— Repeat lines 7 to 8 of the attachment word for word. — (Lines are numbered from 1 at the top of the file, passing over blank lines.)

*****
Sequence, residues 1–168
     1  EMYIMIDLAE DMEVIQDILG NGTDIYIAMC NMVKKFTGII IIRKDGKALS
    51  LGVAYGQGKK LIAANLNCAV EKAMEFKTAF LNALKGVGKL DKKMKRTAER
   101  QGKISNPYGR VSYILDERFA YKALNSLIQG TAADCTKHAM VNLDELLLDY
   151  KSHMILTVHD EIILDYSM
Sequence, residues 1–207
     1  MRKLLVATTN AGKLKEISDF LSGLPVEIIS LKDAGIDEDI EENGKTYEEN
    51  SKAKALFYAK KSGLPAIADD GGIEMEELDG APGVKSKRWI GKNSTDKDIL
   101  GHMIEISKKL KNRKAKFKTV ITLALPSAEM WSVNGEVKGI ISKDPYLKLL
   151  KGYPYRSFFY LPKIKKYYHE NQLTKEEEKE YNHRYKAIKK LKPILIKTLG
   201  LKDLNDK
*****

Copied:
     1  MRKLLVATTN AGKLKEISDF LSGLPVEIIS LKDAGIDEDI EENGKTYEEN
    51  SKAKALFYAK KSGLPAIADD GGIEMEELDG APGVKSKRWI GKNSTDKDIL